Tuesday, February 20, 2007

Fairest by Gail Carson Levine

This story is a fantasy set place in a Kingdom called Ayortha. In this kingdom two things seem to be valued - singing and beauty. The main character - Aza - is abandoned as a child and raised by innkeepers. While she has a beautiful singing voice, she lacks the kingdom's standard of beauty. She is extremely tall with black hair, pale skin and red lips, many even liken her to ogres. As Aza cleans the rooms in the inn, she finds that she has an amazing ability to "illuse" or to throw her voice and mimic the voice of others. It seems, though, that only she is capable of doing this. Despite her lacking beauty, a duchess invited Aza to be her companion to the royal wedding (her intended companion became ill and Aza was the right fit for her clothes). One day while in the royal garden practicing her illusing, the new Queen Ivi realizes her talent and suddenly asks her to be her lady in waiting. Aza is delighted by this offer, especially because it would entail a wage that could be sent to help her parents, and it would allow her to spend time with Prince Ijori, whom Aza found herself attracted to. Sadly, on that same day, the King suffered a dramatic injury that left him incapacitated. With this sudden claim to power, Ivi makes drastic changes to the kingdom, some that even make the people consider rebellion. At the same time, the Queen has trapped Aza into illusing for her, since the Queen cannot sing, and Aza is unable to do anything about it becausethe Queen threatend to throw her in prison and destroy her family. Meanwhile, Aza notices a magic mirror on the Queen's table that suddenly makes Aza appear beautiful. Intrigued by the mirror, Aza finds out that it is controlled by a being called Skulni who is capable of controlling people. The story continues where the Aza and Ijori fall in love and then the people in the castle find out about Aza's illusing and believe that she is controlling the queen and making her do these horrible things for the kingdom. Aza drinks a magic potion which makes her beautiful - furthering the people's suspicions that she can't be trusted. She is sent to the dungeon, but escapes with a guard who was sent by the Queen to kill her . The only reason Aza survives is because she saves the guard from the Ogres. Aza is brought to live with the gnomes who keep her safe, even though the guard tells everyone she was killed. The rest follows the typical Snow White story - poison apple and all, except when she eats the apple, she becomes trapped in the mirror with Skulni and finds out he has some disastrous plans for the future. Needless to say, but Aza won't let that happen. I'm sure you can all guess, then, how the story ends...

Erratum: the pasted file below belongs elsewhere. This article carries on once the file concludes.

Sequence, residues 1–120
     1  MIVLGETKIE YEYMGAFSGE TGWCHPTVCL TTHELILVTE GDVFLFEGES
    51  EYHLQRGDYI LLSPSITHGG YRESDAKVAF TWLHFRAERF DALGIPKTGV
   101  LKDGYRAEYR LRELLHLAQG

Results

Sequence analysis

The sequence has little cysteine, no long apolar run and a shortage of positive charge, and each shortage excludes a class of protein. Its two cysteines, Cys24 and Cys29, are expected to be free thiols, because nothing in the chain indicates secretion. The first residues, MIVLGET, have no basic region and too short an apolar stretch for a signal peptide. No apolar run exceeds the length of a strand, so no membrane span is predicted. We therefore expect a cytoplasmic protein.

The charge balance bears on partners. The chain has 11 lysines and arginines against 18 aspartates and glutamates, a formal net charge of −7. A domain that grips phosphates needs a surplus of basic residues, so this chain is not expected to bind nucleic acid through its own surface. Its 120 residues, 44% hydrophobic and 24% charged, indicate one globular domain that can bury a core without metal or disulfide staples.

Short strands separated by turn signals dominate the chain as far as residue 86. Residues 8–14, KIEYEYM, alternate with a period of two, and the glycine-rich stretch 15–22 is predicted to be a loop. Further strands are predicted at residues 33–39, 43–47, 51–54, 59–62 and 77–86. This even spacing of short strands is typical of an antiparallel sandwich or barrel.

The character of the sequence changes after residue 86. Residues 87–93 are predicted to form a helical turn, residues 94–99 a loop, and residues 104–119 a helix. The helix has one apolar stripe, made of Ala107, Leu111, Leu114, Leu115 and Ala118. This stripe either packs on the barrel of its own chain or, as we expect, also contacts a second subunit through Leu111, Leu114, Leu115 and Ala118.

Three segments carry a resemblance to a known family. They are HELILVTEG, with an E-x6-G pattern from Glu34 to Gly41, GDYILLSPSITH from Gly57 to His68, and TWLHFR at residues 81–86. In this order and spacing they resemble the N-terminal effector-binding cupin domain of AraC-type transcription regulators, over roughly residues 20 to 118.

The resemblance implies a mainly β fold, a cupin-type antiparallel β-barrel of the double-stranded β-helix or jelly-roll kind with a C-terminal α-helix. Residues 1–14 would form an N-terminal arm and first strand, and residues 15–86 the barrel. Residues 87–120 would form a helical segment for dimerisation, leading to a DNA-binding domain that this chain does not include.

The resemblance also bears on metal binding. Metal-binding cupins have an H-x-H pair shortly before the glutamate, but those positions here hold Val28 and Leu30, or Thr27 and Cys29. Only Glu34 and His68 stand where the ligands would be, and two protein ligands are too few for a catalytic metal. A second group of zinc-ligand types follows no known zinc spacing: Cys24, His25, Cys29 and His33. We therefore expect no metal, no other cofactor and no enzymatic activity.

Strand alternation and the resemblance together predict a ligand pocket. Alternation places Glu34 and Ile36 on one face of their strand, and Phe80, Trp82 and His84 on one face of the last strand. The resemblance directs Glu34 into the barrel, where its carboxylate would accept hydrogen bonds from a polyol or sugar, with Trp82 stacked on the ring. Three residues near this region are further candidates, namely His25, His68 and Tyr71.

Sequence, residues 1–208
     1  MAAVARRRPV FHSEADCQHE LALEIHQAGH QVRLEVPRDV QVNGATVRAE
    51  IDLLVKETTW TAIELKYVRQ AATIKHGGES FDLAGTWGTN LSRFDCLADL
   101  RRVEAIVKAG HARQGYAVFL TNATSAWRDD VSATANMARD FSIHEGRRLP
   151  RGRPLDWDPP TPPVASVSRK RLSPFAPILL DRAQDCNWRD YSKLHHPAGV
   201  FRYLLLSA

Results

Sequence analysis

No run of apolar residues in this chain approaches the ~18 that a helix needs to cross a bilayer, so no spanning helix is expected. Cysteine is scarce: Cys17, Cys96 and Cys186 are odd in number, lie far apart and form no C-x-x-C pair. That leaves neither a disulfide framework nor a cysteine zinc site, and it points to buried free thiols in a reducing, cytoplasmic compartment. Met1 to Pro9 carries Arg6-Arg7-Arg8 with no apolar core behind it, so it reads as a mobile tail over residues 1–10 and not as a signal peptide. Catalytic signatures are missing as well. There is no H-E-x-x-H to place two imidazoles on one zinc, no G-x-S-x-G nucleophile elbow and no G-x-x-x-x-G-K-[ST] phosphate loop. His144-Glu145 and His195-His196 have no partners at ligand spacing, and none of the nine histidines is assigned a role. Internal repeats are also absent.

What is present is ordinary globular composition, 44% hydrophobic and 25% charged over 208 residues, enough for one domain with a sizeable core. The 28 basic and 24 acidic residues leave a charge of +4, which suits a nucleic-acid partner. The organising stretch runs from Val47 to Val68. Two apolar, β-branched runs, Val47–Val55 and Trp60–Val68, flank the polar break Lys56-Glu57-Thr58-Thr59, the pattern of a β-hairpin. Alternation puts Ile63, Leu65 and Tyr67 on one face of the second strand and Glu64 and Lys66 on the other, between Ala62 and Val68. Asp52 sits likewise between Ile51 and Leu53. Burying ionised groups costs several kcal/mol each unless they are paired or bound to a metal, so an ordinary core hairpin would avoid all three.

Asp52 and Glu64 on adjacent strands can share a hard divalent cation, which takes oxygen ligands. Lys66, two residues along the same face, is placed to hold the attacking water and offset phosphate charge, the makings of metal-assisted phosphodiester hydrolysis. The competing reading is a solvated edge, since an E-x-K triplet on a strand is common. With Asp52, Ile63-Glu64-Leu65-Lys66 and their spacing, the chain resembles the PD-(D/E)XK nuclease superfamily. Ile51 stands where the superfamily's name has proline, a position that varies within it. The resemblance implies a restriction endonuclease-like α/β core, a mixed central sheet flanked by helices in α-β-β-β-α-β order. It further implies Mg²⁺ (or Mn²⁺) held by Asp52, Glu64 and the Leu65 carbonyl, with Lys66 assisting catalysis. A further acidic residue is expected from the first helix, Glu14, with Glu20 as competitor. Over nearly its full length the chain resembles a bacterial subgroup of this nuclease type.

While that description is extremely long and detailed, a lot of the story has been left out. The main problem I had with this story was that the back of the book sets up: "A new novel set in the world of Ella Enchanted" I read Ella Enchanted and considered it my favorite book for some time. I went into this book expecting it to be very similar and found it to be completely different. This book was a lot more serious, which was a letdown when I went in expecting some comedy. While it isn't fair to judge a book based on its predecessors, to remind the reader of the previous books leads them to expect a few more similarities than two or three names. Another complaint I have about the book was the emphasis on singing. Multiple songs had been written in the novel because of its importance in the kingdom, but I didn't particularly feel as if they added anything to the novel. True, it created a conflict for Aza as she was forced to illuse for the Queen and it created a stronger created culture, but overall, it was a distraction. I found I could even skip over the songs and not lose anything regarding the plot. I personally felt that half the songs could have been taken out. My final complaint regarding the novel was its importance on beauty. This world already has enough trouble with girls thinking they're not pretty enough, that I don't feel it should be emphasized in fiction. The pay off wasn't even that great. The epiphany that Aza should love herself as she is isn't even that big. Sure Ijori loves her because of her ugliness, but it seems as if she just feels that if he can love her, then maybe she can learn to love herself too. It didn't seem like she really realized that she was beautiful; she just accepted and dealt with what she was given.

Don't get me wrong, this book was a nice read. It has a lot of interesting scenes and I liked the adaptation of Snow White that it presented. Maybe I'm just a bit of a nit-pick and prejudicial because of my favoritism for Ella Enchanted. I just felt that this book didn't lead up to what it led me to expect.

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